Believe Both

Believe Both

I like the bible. I like that almost each time I read it I am amazed at how precisely the author has captured the truth and complexity of being human. I like the counsel, wisdom, scenes of glory and insight into knowing God. I love the winsomeness of Jesus. But mostly, I am comforted that my humanity is fully known and therefore can be fully redeemed.

I have recently come to love the Bible in a new way because I no longer worry about how to synthesize the stories. In fact, I don’t the think the Bible makes sense in the normal way a book might make sense. A novel will raise a paradox, but will in the end give the satisfaction of resolving that paradox. The dilemma’s found in scripture seldom transcend the opening line- “in the beginning God…” and do not bring a resolution to seemingly contrary portrayals of God.

So as inconsistent as I may be, when confronted with what appears to be opposing and irreconcilable truths-

I believe both.

God answers prayer in miraculous and spectacular ways

Some people linger in darkness, pain and death while crying out for God

 Job survived the test of God, and was blessed with 10 times what he had before

Job’s family was wiped out as part of this test, kind of sucked to be Job’s kid

 God knows everything

God is surprised when I ignore him

 Grace has released me from having to try harder

Healing has come as I worked the 12 steps

 I am a glorious, beautiful child of God

I am petty, small and jealous

 God is powerful and present

God is absent

 God chooses

People choose

 Church is at it’s best when it is organic, spontaneous, and slightly chaotic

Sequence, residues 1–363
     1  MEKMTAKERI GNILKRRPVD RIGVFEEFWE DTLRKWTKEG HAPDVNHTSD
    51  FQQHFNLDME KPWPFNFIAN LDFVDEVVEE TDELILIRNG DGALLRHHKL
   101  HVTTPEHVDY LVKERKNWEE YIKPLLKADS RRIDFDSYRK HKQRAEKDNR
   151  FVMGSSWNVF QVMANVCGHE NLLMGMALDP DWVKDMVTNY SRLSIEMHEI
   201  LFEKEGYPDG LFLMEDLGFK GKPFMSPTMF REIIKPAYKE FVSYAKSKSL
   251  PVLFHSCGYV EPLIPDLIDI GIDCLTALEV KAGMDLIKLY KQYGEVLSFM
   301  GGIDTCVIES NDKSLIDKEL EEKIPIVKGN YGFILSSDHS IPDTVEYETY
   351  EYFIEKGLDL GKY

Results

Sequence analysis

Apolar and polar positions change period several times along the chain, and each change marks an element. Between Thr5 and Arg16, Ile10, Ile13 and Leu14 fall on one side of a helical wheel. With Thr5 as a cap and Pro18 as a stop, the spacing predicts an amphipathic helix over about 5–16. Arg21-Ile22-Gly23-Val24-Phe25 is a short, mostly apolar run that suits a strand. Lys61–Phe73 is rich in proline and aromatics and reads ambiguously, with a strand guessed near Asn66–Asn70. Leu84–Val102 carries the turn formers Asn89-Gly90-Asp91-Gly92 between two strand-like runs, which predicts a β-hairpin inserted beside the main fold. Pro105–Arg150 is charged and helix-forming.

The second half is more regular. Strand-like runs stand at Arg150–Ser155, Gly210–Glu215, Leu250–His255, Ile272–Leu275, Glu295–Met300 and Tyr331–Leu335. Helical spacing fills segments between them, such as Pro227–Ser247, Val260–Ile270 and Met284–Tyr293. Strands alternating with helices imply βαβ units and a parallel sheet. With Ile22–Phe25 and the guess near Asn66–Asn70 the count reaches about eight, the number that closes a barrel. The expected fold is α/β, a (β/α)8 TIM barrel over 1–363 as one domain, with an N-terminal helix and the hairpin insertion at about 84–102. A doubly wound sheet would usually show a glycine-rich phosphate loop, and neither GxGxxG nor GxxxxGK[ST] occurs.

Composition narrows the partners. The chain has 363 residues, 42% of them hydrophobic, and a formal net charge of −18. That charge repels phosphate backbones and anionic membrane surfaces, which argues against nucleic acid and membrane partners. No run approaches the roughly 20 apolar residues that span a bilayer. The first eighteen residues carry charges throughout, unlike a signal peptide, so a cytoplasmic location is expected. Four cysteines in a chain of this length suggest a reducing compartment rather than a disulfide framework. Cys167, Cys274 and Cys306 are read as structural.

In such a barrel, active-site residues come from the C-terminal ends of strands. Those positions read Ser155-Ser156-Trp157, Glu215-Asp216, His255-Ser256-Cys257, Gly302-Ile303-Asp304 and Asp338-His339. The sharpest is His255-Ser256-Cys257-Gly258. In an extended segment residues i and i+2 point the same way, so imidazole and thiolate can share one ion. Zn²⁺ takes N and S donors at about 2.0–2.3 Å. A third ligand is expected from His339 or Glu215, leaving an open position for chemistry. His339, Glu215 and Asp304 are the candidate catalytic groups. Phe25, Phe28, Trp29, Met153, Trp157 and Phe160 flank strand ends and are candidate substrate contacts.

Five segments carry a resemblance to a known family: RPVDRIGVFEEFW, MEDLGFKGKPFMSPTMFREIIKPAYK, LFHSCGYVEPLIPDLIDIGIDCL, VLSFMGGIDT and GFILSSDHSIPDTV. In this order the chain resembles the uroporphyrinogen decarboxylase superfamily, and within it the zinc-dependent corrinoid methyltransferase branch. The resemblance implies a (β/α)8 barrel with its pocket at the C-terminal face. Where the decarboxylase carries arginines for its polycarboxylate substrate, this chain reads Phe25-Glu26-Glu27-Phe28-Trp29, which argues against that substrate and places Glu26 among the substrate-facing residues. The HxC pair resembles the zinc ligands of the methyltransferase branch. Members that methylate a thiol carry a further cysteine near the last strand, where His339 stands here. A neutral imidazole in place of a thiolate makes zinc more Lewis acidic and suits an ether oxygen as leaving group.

Church functions well when it has order

 Perhaps you have heard stories of grieving parents being told, “don’t cry, your baby is in heaven”. Or a newly divorced dad being reminded “all things work together for good”. I have yet to hear a single woman wanting to marry and have a family that felt better being told Jesus would be her husband. In fact, almost any scripture in a moment of crisis might cause more harm than good.

But aren’t these scriptures true? Yes, I believe them to be completely true.

But I also believe that horrible moments and grave injustices are unexplainable and even inconsolable. I believe that God is powerful and God either withholds His power or is unable to do some things. I believe God is pure love, and I believe at times I experience a God who seems cold, even callous.

My conclusion to centuries of theological debate:

heresy occurs when we are certain we can make it all make sense.

My remedy- believe both.

 

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This entry was posted in Christian Culture, New Models and Paradigms, The Refuge, Thoughts on Scriptures. Bookmark the permalink.

18 Responses to Believe Both

  1. Yes! What a beautiful invitation (and a bit scary too) to trust a wild, mysterious and good God! This reminder comes at such an appropriate time too! When our entire country has drawn dividing lines and we are entrenched again in extremes. Thank you Karl for your prophetic voice.